Renal tubular acidosis after cadaver kidney homotransplantation

Studies on mechanism
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      In the case cited, renal tubular acidosis developed after cadaver renal homotransplantation. Prior glomerulonephritis with uremia and hypertensive encephalopathy necessitated bilateral nephrectomy and chronic dialysis. No clinical or morphologic features of renal tubular acidosis were present in the recipient or donor, who died of hepatic failure.
      The studies performed included induced metabolic acidosis, phosphate infusion, acetazolamide administration and bicarbonate loading. Discontinuation of 3.6 gm. sodium bicarbonate orally per day led to marked reduction in arterial blood pH (7.32), pCO2 (27 mm. Hg) and bicarbonate (16 mEq. per L.). Net hydrogen ion excretion was only 22.4 μEq. per minute. Neutral phosphate infusion increased serum phosphorus to 10.3 mg. per cent and raised excretion from 14.7 to 63.3 μM per minute, but titratable acidity increased only 12.8 μEq. per minute. Intravenously administered acetazolamide did not change urine volume or bicarbonate reabsorption and when given orally (15 mg. per kg.) bicarbonate excretion increased only from 27.6 to 46.9 μEq. per minute. Intravenous bicarbonate loading increased bicarbonate excretion from 37.5 to 153 μEq. per minute as the percentage reabsorption of bicarbonate decreased. Phosphate clearance was 15 ml. per minute when the creatinine clearance was 45 ml. per minute. However, glycosuria (1.0 to 1.5 gm. per 24 hours) occurred without hyperglycemia and 24 hour alpha amino nitrogen excretion was 1,360 mg.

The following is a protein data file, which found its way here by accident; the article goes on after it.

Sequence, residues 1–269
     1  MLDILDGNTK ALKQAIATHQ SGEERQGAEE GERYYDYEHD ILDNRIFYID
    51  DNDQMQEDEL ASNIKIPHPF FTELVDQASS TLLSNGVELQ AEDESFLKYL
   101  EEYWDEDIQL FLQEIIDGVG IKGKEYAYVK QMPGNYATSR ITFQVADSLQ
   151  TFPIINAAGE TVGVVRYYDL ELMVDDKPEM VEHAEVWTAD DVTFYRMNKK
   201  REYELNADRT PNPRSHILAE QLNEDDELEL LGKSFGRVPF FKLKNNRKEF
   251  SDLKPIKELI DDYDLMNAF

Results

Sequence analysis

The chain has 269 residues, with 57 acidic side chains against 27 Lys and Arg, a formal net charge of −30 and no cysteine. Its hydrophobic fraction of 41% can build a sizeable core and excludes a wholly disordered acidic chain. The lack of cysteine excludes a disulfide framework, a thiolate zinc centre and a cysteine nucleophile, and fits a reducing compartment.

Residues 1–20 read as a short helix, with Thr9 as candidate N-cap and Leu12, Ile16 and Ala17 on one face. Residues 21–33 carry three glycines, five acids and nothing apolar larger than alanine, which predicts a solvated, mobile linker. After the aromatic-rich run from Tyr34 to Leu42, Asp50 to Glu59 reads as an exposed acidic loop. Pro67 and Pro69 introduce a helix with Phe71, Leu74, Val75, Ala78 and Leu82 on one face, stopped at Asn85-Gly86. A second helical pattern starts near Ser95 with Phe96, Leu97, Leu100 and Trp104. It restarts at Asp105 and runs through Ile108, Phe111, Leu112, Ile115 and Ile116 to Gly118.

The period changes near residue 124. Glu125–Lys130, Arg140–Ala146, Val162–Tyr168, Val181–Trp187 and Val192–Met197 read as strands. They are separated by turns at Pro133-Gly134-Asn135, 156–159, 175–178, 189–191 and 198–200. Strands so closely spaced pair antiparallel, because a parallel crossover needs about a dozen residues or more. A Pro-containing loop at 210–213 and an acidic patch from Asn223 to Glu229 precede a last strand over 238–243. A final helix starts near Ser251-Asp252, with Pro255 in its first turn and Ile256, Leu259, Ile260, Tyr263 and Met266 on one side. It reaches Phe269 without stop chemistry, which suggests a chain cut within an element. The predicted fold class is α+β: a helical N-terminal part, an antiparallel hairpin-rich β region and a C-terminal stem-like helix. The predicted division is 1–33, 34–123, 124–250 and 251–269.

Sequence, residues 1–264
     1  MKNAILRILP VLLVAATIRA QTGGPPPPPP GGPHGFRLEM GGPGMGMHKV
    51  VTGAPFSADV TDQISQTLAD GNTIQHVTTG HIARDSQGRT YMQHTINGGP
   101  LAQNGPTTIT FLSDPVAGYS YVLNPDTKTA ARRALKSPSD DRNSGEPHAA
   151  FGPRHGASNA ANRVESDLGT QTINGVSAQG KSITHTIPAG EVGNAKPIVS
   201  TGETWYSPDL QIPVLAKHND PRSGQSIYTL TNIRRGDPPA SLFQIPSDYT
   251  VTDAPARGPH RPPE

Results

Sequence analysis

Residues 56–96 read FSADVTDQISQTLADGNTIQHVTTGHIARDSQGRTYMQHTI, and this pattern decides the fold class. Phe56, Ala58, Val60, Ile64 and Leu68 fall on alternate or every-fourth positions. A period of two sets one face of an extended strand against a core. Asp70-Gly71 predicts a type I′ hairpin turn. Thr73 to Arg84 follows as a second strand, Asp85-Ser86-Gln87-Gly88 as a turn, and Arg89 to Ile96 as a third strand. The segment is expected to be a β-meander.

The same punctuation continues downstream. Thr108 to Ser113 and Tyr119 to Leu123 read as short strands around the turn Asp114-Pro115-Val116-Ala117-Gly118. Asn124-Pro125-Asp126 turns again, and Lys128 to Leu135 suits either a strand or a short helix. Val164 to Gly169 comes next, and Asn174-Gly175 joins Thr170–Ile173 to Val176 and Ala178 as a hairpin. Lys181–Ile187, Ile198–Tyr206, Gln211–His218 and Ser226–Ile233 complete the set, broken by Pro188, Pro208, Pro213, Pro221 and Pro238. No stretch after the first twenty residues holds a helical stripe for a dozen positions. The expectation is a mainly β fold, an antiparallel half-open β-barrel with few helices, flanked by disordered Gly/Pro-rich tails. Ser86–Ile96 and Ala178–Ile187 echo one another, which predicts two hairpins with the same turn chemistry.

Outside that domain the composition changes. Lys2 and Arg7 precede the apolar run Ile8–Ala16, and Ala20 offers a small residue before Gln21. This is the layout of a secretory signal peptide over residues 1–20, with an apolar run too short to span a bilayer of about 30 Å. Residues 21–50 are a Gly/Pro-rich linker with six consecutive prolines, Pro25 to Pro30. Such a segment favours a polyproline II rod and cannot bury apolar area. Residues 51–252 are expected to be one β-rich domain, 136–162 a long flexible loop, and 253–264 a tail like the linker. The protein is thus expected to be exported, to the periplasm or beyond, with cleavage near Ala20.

It is concluded that a high concentration gradient between luminal fluid and peritubular blood could not be obtained. Evidence for impaired tubular hydrogen ion production, which in turn suggested decreased carbonic anhydrase activity and diminished renal ammonia production, was found in this patient with multiple tubular defects.
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